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The Cats on Ben Yehuda Street Library Binding – January 1, 2013
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From School Library Journal
PreS-Gr 2-Mr. Modiano, owner of the Tel Aviv Fish Palace, is not a fan of the cats living up and down Ben Yehuda Street. He finds them "messy, meowing, and useless." He also has no use for the felines on the cushion outside the apartment of his neighbor, Mrs. Spiegel, even though they are the recipients of his nightly gift of leftover fish. Mrs. Spiegel, however, loves little gray Ketzie with a pink collar and big white Gatito with no collar at all. But only Ketzie is allowed to sleep indoors due to a "Just One Cat" rule in their building. All this background leads to a quickly dealt with plot in which Ketzie disappears only to be found by Mr. Modiano, who then invites Gatito inside to be his very own cat, new blue collar and all. The mixed-media illustrations give more personality to the cats than the humans, though the Hebrew lettering on signs and labels is a nice touch. While the story is slight, it has a pleasing message about opening one's heart (and door) to friendship. An additional purchase for large collections.-Martha Link Yesowitch, Charlotte Mecklenburg Library, NCα(c) Copyright 2013. Library Journals LLC, a wholly owned subsidiary of Media Source, Inc. No redistribution permitted.
"A pleasant cat-loving elderly woman and her grumpy neighbor, a fishmonger who does not love the feline crowd, find friendship nonetheless.
Mr. Modiano’s fish market on Ben Yehuda Street in Tel Aviv is popular with stray cats looking for discards, despite the cold welcome. 'Messy, meowing, useless cats!' he complains. Each night he returns home to find Mrs. Spiegel’s two cats, Ketzie and Gatito, outside her door. Apartment-building rules dictate 'Just One Cat,' so Gatito sleeps in the hallway at night. Mr. Modiano complains, 'Your cats bring more cats!' She invites him for tea each night, and he always refuses: 'Lo, lo, lo' (no, no, no). The fishmonger and his neighbor continue this daily ritual until Ketzie disappears, leaving Mrs. Spiegel worried sick. Mr. Modiano, despite his ailurophobia, sets out to find the missing Ketzie and returns with a newfound willingness to not only share tea, but the care of little puss Gatito. The Israeli backdrop for this sweet scenario is enhanced by the diversity of the two characters, whose names hint at both Eastern European and Mediterranean heritage. Stampler’s charming narrative deftly employs the traditional motif of three while upholding a level of suspense. Carabelli’s sunny palette and energetic perspectives add zing.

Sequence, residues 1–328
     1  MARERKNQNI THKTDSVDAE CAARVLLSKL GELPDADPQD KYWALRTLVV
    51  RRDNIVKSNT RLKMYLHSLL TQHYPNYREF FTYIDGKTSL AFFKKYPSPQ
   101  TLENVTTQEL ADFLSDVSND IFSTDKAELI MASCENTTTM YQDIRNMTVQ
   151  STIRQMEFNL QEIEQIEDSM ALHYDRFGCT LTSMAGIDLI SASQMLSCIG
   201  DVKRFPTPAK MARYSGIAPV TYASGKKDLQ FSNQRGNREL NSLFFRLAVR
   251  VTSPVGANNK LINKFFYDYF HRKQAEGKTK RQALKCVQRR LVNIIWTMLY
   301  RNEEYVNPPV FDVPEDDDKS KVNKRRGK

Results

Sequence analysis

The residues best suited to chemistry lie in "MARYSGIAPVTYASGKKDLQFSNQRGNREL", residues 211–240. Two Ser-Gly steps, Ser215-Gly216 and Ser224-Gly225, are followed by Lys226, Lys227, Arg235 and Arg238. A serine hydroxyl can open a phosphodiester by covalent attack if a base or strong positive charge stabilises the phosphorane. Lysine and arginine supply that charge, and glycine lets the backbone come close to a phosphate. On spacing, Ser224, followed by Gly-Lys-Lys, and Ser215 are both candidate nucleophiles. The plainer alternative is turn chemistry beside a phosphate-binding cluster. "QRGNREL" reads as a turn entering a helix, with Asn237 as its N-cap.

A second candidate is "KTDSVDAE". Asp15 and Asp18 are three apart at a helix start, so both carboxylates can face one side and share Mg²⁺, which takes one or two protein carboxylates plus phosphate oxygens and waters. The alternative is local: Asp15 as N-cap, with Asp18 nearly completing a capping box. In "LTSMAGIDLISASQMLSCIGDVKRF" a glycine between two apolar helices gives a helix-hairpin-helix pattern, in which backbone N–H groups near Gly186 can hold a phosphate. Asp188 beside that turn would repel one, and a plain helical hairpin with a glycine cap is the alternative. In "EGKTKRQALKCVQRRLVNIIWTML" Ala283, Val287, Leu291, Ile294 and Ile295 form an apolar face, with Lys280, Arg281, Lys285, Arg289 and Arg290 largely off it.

In the end, readers will join in the smiles all around."--Kirkus Reviews
"This book is a tribute to cat lovers everywhere. On Ben Yehuda Street, many cats are homeless and hungry. The owner of the fish market shoos the cats away from his doorway, at the same time, he brings his leftover fish to his neighbor so she can feed her cat. While Mrs. Spiegel attempts to thank Mr. Modiano for his generosity, he rebuffs her attempts at friendship. One day, Ketzie disappears. Mrs. Spiegel is distraught and Mr. Modiano treks off to find the missing cat. This very nicely illustrated story is an engaging tale about friendship and pets." ―Library Media Connection(Journal)
"Who lives on Ben Yehuda Street in Tel Aviv? Lots and lots of cats! Mr. Modiano, the proprietor of the Tel Aviv Fish Palace isn’t a big fan of the furry critters. But Mrs. Spiegel, who lives next door to him in his apartment building, is crazy for them. The apartment building’s one-cat rule means she can only have one feline friend living with her; still, that doesn’t prevent a second cat from hanging around nearby. And while neighborly Mr. Modiano brings Mrs. Spiegel a fresh fish to eat every day, the constant presence of the two fluffy animals lead him to turn down her daily invitation for tea. 'Lo, lo, lo,' he says politely in Hebrew; no, no no. Then Mrs. Spiegel’s cat goes missing, and Mr. Modiano’s loyalty and friendship shine through. The story is quiet and simple―and utterly charming. The illustrations, equally charming, help give a nice window into everyday, urban Israeli life. A good read-aloud choice. Recommended for ages 3-8." --Jewish Book World(Magazine)
"The Cats on Ben Yehuda Street (Kar Ben, £5.99) are a nuisance, thinks Mr Modiano. He is forever shooing them away from the Tel Aviv Fish Palace. But his neighbour, Mrs Spiegel, loves cats. She is fond of Mr Modiano, too, but he always says 'lo' (no) when she invites him for tea. Then, one day, Mrs Spiegel’s own cat goes missing ― and that changes everything. Ann Redisch Stampler’s story is simply but sweetly told, with colourful curvy cat illustrations by Francesca Carabelli."--The Jewish Chronicle(Newspaper)